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Int. J. Environ. Res. Public Health 2015, 12(4), 3600-3614; doi:10.3390/ijerph120403600

Integrating Environmental and Human Health Databases in the Great Lakes Basin: Themes, Challenges and Future Directions

1
Toronto Public Health, Toronto, ON M5B 1W2, Canada
2
Dalla Lana School of Public Health, University of Toronto, Toronto, ON M5T 3M7, Canada
3
Department of Family Medicine, McMaster University, Hamilton, ON L8P 0A1, Canada
4
Dukakis Center for Urban and Regional Policy, Northeastern University, Boston, MA 02115, USA
5
School of Public Health, University of Illinois at Chicago, Chicago, IL 60612, USA
*
Author to whom correspondence should be addressed.
Academic Editor: Paul B. Tchounwou
Received: 26 February 2015 / Revised: 23 March 2015 / Accepted: 23 March 2015 / Published: 31 March 2015
View Full-Text   |   Download PDF [688 KB, uploaded 31 March 2015]   |  

Abstract

Many government, academic and research institutions collect environmental data that are relevant to understanding the relationship between environmental exposures and human health. Integrating these data with health outcome data presents new challenges that are important to consider to improve our effective use of environmental health information. Our objective was to identify the common themes related to the integration of environmental and health data, and suggest ways to address the challenges and make progress toward more effective use of data already collected, to further our understanding of environmental health associations in the Great Lakes region. Environmental and human health databases were identified and reviewed using literature searches and a series of one-on-one and group expert consultations. Databases identified were predominantly environmental stressors databases, with fewer found for health outcomes and human exposure. Nine themes or factors that impact integration were identified: data availability, accessibility, harmonization, stakeholder collaboration, policy and strategic alignment, resource adequacy, environmental health indicators, and data exchange networks. The use and cost effectiveness of data currently collected could be improved by strategic changes to data collection and access systems to provide better opportunities to identify and study environmental exposures that may impact human health. View Full-Text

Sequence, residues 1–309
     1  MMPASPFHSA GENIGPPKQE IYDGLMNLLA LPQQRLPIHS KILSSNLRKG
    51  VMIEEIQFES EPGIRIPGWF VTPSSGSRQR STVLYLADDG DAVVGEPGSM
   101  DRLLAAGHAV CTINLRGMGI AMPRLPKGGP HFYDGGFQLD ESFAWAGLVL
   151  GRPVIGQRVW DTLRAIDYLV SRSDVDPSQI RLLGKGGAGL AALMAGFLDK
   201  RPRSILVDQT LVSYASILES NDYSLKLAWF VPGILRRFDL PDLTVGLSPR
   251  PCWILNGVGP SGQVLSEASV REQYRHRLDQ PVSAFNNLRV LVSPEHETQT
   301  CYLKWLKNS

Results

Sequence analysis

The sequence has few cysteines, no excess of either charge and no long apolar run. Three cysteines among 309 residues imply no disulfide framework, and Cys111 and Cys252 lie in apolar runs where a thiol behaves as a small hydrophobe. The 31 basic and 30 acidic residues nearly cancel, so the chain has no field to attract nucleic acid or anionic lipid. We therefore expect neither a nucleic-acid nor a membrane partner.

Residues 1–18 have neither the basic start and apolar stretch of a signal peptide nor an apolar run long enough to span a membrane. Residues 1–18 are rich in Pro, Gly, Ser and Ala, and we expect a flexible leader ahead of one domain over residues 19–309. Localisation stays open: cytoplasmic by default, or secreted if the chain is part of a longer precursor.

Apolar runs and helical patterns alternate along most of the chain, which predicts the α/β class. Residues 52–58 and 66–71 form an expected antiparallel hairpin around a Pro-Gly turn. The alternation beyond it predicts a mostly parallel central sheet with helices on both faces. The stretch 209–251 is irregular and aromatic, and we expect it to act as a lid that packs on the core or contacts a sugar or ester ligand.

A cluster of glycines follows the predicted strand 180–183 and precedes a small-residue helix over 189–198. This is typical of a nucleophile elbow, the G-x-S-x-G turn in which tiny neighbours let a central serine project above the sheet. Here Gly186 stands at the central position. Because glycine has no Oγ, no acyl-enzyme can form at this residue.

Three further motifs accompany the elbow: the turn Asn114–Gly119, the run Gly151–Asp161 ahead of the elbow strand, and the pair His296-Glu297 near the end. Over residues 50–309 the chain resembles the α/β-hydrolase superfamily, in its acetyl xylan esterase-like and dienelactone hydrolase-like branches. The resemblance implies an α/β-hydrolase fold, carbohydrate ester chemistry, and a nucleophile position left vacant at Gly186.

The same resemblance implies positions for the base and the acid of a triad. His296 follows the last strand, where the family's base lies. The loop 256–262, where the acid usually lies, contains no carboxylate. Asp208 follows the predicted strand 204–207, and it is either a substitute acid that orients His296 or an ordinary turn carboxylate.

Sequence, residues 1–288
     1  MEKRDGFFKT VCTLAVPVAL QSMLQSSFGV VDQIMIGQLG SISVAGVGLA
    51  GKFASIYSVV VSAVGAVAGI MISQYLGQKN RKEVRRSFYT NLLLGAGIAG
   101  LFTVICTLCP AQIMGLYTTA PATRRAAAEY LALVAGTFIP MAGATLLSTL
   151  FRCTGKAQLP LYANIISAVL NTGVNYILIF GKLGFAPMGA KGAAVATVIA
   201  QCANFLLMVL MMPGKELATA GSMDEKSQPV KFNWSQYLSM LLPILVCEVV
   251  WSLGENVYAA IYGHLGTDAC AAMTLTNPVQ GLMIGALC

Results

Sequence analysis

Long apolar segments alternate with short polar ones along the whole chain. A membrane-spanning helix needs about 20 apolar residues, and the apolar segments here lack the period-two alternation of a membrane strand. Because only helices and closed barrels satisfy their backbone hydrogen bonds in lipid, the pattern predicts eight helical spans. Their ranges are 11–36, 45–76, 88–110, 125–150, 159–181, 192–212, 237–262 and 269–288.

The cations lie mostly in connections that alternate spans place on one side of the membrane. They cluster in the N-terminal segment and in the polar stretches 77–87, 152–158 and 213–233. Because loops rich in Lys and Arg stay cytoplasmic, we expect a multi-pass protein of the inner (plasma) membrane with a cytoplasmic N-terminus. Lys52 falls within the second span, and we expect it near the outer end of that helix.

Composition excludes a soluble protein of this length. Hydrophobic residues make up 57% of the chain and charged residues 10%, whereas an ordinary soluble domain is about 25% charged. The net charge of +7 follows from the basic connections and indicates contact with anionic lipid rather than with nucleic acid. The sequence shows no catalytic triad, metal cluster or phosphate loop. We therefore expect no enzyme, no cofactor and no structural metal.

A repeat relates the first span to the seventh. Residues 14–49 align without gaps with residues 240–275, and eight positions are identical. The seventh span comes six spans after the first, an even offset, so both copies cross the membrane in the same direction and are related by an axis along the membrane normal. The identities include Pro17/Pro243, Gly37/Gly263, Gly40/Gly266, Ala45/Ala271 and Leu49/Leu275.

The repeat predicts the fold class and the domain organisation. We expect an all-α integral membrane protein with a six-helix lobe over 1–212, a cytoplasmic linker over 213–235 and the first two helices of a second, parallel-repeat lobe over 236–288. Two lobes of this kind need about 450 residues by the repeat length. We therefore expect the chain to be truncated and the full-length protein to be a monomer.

Keywords: environmental hazards; health outcomes; surveillance; database integration environmental hazards; health outcomes; surveillance; database integration
This is an open access article distributed under the Creative Commons Attribution License which permits unrestricted use, distribution, and reproduction in any medium, provided the original work is properly cited. (CC BY 4.0).

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MDPI and ACS Style

Bassil, K.L.; Sanborn, M.; Lopez, R.; Orris, P. Integrating Environmental and Human Health Databases in the Great Lakes Basin: Themes, Challenges and Future Directions. Int. J. Environ. Res. Public Health 2015, 12, 3600-3614.

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Int. J. Environ. Res. Public Health EISSN 1660-4601 Published by MDPI AG, Basel, Switzerland RSS E-Mail Table of Contents Alert
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